lord.zoltar

hmmm ...........VB6 and Java are quite different from each other. I
don't recall VB6 being very object oriented, if at all, though I admit
I wasn't a VB6 guru. Have you looked at VB.NET? You can get the
Express Edition of Visual Studio for VB.NET. It gives you a
streamlined (fewer wizards, missing the uber-advanced features) IDE
but can only do VB. Despite that, you can code anything in it that you
could code in VSPro so it can still be powerful.
If you want cross-platform capabilities, I've heard that the Mono
project can also handle VB.NET code in addition to C#, but you might
want to double-check that. The syntax and environment will be much
more similar to VB6 than Java, but it will introduce more object
oriented ideas that are also available in Java (and maybe some that
aren't ;) ).
It might give for a smoother transition.

If you want to just dive straight into Java, I'm not sure what IDE
will give you the same experience as VB6. I'm not aware of any visual
editor that comes close to the VisualStudio GUI tools (yeah, I liked
them:). I've done my Java GUIs by hand, but I haven't done any for a
quite few years, and I imagine the tools have improved. I'll have to
give them another look someday.
As for learning, I would avoid IDEs, at least for the first few small
programs/projects. Do them in your favourite syntax-aware text editor
and the console for compiling. Then build a couple simple GUI apps,
also from the text editor/console. In my experience, this is the best
way to learn a new language/environment, before jumping into the great
big IDEs with all the buttons and icons and such. This way, I get a
better feel for WTF the IDE is doing under the hood.
As for a specific IDE, I've used Eclipse and RAD mostly. I've just
looked at NetBeans 6, but for Ruby and Rails, not Java. ;)
Sorry I don't have a specific book to recommend for Java... I don't
remember what I used in school and at this point I just look up API
references or tutorials for new stuff.
 
M

Mark Space

Atreju said:
1. I want the actual design of forms, controls, etc. to be one of the
priorities... in terms of time setting things up and ease of
manipulation.

What kind of forms? Swing? Web? Something else? This is kind of a big
deal.
2. I want something that is intuitive to work with; for example: in VB
I double-click on a button on a form, and it takes me to that button's
click event in the code window. I can also, in the code window, select

Most IDEs for Java will do this to an extent, but it does depend on what
the button actually is. NetBeans plus some plug-ins (JMaki) will do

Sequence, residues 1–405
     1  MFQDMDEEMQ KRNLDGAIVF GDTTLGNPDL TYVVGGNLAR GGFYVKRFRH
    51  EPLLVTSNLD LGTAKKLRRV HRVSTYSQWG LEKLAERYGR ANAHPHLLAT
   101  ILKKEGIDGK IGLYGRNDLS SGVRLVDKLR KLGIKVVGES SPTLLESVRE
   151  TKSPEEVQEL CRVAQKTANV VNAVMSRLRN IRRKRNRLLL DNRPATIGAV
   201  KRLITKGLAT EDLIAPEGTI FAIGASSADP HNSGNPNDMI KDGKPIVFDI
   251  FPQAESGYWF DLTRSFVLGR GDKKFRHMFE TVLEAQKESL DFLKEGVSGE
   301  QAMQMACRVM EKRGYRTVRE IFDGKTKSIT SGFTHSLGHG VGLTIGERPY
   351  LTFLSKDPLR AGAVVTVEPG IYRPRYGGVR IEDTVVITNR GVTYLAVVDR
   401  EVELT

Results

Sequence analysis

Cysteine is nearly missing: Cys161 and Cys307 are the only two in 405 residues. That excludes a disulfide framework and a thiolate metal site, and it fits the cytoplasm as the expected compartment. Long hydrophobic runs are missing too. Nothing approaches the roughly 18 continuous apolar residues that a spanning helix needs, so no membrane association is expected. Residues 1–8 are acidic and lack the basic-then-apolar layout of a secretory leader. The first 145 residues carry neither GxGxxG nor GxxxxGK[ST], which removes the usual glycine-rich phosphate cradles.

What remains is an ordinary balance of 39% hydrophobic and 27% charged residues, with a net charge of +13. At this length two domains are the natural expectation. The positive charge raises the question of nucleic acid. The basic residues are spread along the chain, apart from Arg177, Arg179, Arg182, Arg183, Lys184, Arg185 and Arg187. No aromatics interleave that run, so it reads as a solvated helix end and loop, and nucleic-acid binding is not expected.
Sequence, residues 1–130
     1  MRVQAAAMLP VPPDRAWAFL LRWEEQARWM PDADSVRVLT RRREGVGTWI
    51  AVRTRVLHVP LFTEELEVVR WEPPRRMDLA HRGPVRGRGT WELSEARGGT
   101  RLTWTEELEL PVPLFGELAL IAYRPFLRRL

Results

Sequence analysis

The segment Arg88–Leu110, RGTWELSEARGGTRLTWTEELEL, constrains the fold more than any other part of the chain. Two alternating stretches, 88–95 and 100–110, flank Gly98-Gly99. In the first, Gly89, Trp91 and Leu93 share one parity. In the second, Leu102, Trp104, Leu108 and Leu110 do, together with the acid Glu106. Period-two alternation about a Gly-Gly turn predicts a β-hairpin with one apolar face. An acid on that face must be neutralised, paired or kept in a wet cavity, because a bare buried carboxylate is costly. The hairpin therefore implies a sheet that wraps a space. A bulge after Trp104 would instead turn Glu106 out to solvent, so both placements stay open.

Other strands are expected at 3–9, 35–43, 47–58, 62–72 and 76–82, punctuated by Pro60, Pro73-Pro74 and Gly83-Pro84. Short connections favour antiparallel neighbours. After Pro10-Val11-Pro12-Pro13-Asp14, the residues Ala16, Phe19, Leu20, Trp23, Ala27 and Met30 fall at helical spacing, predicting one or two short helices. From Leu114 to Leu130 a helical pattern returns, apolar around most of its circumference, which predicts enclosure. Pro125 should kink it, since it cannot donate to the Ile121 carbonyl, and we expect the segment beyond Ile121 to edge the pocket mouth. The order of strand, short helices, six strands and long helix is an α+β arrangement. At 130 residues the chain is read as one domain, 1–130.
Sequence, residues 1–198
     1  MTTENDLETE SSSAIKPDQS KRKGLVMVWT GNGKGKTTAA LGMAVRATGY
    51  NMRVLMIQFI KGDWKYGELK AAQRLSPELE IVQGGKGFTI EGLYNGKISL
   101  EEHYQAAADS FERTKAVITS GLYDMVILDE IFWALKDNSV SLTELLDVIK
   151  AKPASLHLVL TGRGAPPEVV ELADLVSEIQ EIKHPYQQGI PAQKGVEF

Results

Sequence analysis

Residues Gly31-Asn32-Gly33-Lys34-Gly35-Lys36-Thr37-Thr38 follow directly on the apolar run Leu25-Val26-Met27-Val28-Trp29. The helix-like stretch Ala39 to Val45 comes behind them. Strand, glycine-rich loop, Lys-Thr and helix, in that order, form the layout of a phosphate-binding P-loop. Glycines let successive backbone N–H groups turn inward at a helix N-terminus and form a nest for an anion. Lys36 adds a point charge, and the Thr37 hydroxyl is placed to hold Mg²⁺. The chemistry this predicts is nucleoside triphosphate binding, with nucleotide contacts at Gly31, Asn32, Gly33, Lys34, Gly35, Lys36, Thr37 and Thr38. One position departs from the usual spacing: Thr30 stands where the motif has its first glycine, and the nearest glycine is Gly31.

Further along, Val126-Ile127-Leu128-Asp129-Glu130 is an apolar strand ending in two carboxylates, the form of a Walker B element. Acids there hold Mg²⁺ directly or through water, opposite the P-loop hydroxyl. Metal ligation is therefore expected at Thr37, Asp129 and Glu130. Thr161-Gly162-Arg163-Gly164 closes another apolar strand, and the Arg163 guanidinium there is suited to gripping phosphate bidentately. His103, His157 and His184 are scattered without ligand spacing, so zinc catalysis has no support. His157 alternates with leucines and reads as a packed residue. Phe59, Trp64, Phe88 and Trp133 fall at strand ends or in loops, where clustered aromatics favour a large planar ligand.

nicely for web forms. Most anything will handle standard Swing
components this way. I think Eclipse would probably be better for SWT.


General advice: learn the language itself first. Learning Java by
O'Reilly is good. The Sun tutorials are good. The Javapassion website
has intro projects that you can do as well as slides organized into
lessons. I'd start with those three.
 
A

Atreju

hmmm ...........VB6 and Java are quite different from each other. I
don't recall VB6 being very object oriented, if at all, though I admit
I wasn't a VB6 guru.

It is what they call "Object-Based" in that it is semi OOP, you can
design your own class objects and modules and use them among other
projects, but you can write entire application solely procedural as
well.
Have you looked at VB.NET?

VB.NET is a quirky thing. They've changed it so much that it hardly
resembles VB anymore, aside from the fact that the language is still
basically the same in terms of syntax. However, they've also messed up
so many elements that plenty of VB gurus even are staying away from
it. For example, in VB 6 you can make a control array on a page then
reference any of those controls by its index. This is fantastic for
when you have 30 data fields that you do NOT necessarily want directly
data-bound (which ironically more often than not is undesirable). In
VB.NET for some reason that's about as beneficial as daylight savings
time, they took that away. Now, if you want to make decisions or
actions based on so many fields that essentially refer to related
data, you would have to give each a suffix, typically numeric, and
then you can cycle through them using the name appended with a numeric
variable. It's like scratching your left ear with your right arm but
having to bow down very low and pass your arm under your legs first to
reach your ear, all while on a treadmill ;o)

--SNIP--
If you want to just dive straight into Java, I'm not sure what IDE
will give you the same experience as VB6. I'm not aware of any visual
editor that comes close to the VisualStudio GUI tools (yeah, I liked
them:). I've done my Java GUIs by hand, but I haven't done any for a
quite few years, and I imagine the tools have improved. I'll have to
give them another look someday.
As for learning, I would avoid IDEs, at least for the first few small
programs/projects. Do them in your favourite syntax-aware text editor
and the console for compiling. Then build a couple simple GUI apps,
also from the text editor/console. In my experience, this is the best
way to learn a new language/environment, before jumping into the great